March 26, 1925 (14th Parliament, 4th Session)


Henry Lumley Drayton

Conservative (1867-1942)


I do not object to my hon. friend making any speech he likes so long as he can speak again at the proper time. He has already spoken half a dozen times but I hope he has not exhausted his right to speak. I am going to develop the point which has been referred to in regard to the great importance of the interest coupons. What my hon. friend has stated as to the result of the railway debacle which existed in the ten years preceding 1913, is perfectly correct. My hon. friend shakes his shoulders but I am going to demonstrate the fact to him and if he is just as fair with me on that point as I hope he is going to be on another question in a minute, he will admit it. _
I am going to invite my hon. friend to go to a country which is the greatest creditor nation of the world, the United States. There is a country that sells without buying very much; there is a country that is collecting the interest coupons of the world. She is not a debtor nation, she is a creditor nation. Let us see how the "ism" works out there? Well, the figures of the United States are progressive figures. For the ten years ending 1893 her excess of exports was $531,073,572; for the ten years ending 1903, $3,839,744,076; for the ten years ending 1913, $4,564,462,410; for the ten years ending 1923, $20,729,457,292. Let us apply our percentage for one minute and see what that means; let us apply the 60 per cent of the cost which goes to labour, low as it is. That means during the period mentioned that while the United States has taken out of all other countries 4 p.m. the sum of $29,664,737,350 the workmen of the United States have been employed at the expense of the workmen in other countries with a resultant gain to themselves of fifteen billions of dollars. Is there any reason why anyone should wonder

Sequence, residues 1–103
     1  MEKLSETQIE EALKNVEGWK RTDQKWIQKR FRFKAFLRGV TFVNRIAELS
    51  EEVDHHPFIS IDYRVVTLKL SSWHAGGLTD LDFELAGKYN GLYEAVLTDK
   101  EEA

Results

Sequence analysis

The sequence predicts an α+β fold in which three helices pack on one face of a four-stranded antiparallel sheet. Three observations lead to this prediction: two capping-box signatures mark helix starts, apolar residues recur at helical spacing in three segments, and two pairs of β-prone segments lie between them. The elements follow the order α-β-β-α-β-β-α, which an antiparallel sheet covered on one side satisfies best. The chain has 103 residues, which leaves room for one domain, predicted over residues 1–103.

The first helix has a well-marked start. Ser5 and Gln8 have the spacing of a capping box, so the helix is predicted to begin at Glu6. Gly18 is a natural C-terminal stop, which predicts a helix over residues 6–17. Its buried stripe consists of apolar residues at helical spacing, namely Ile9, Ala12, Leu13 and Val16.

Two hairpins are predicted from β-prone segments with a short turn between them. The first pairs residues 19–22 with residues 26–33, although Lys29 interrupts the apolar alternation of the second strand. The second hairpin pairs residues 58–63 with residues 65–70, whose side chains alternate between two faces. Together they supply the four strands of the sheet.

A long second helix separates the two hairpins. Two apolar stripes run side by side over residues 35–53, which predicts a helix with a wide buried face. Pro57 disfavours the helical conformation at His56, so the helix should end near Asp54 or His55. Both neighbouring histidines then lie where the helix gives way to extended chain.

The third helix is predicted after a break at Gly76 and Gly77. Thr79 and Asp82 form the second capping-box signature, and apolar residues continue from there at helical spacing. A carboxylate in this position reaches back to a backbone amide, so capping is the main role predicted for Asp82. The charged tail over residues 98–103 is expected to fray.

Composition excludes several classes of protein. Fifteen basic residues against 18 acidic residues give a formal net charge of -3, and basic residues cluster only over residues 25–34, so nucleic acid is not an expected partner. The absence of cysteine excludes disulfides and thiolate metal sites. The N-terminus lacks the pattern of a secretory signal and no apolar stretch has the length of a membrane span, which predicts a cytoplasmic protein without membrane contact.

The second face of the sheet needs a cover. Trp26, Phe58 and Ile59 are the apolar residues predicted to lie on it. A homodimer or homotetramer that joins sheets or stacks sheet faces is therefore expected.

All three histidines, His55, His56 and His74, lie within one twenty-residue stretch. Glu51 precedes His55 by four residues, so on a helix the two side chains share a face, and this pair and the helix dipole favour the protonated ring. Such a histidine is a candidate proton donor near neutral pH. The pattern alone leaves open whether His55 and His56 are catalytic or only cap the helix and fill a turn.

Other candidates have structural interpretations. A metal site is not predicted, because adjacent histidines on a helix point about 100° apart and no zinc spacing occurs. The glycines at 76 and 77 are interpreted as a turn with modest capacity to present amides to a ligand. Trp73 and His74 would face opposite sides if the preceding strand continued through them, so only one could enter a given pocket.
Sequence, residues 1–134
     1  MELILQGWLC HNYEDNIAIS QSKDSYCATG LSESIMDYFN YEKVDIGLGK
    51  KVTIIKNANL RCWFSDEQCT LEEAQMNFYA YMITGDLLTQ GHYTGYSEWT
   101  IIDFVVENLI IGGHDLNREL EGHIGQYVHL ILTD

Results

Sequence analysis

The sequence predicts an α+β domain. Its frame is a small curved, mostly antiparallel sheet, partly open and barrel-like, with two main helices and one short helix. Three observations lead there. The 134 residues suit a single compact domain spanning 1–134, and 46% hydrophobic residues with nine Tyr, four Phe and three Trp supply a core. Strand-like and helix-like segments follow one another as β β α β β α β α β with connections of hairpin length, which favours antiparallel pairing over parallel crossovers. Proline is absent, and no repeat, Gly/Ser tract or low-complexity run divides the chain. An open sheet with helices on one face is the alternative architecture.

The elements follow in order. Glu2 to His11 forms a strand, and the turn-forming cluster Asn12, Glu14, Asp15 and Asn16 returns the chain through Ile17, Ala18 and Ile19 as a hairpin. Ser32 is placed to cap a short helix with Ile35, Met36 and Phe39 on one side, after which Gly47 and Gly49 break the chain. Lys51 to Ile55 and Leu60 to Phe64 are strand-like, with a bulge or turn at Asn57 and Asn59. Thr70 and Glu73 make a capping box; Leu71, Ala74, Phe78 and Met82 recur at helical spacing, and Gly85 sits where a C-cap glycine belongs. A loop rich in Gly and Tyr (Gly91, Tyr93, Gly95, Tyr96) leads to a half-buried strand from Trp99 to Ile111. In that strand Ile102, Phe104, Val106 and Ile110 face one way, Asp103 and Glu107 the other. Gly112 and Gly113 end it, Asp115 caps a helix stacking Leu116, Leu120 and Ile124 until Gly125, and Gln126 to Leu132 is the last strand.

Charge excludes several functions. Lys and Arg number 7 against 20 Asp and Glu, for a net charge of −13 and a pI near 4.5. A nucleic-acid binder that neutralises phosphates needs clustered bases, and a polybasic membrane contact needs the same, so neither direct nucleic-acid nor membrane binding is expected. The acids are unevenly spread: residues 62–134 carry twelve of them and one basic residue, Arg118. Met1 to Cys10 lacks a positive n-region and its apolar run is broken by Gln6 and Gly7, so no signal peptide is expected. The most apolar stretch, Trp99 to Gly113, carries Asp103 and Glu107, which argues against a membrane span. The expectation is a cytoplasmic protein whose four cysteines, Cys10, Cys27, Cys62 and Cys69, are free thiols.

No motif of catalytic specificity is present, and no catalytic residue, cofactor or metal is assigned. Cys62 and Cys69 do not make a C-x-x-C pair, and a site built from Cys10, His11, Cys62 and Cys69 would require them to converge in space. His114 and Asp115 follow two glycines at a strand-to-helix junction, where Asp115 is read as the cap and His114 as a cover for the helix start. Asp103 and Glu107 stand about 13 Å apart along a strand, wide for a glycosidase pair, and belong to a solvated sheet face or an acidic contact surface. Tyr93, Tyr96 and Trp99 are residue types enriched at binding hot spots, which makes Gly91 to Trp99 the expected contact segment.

The Budget-Sir Henry Drayton
at the tremendous growth and the tremendous financial strength of the great republic? My hon. friends opposite will not say that that enormous balance has been met by the United States paying debts which she owes. Why, she is trying to collect debts.
How consistently Canada has worked to put her where she is! Let us come to that period of railway exploitation to which I was referring a moment ago. During the first ten years of chat forty-year period our imports from the United States were $486,927,738. In the ten-year period ending 1903, they were $828,485,184. In the period of railway exploitation, Grand Trunk loans which smashed the property, transeontinemtals, Grand Trunk Pacifies, Canadian Northern railways, the load of which to-day is bending our backs, how is that iooked after? Our imports from the United States in the period ending in 1913 were $2,216,293,258. During the war period our imports rose to $5,986,957,558. We see where the world in general comes out as a result of the forty years' trading. Let us see where Canada comes out. The net result of the forty years' trading with the United States is an adverse trade balance for Canada amounting to $4,397,248,129. Was that not a remarkable achievement for a country of our population? Is it not remarkable evidence of-I am going to leave the naming of that action for the moment to the hon. member for Brorae (M". MdMaster). Let us see how much Canada helped the United States in the period of railway exploitation. In the period ending in 1913, the United States enjoyed the comfortable, favourable trade world balance of $4,564,000,000 odd and Canada accounted for no less than $1,303,000,000 odd of that enormous sum. Just think of it I-out of a favourable trade balance of $4,564,462,410, Canada accounts for $1,306,950,513. My hon. friend would think that sort of thing ought to go on; that it should be made still easier to exploit this market instead of something being done to keep Canadian money wording for Canada. There is a great deal of it working for the United States. What we did in that ten-year period in helping to make the United States the world industrial colossus that she i3, is indeed remarkable evidence of the resources and purchasing power of this people, but the thing can be done only at the expense of the purchasing power of today, and where is it? At the same time k is a monumental example of misapplied energy (,nd wasted opportunity.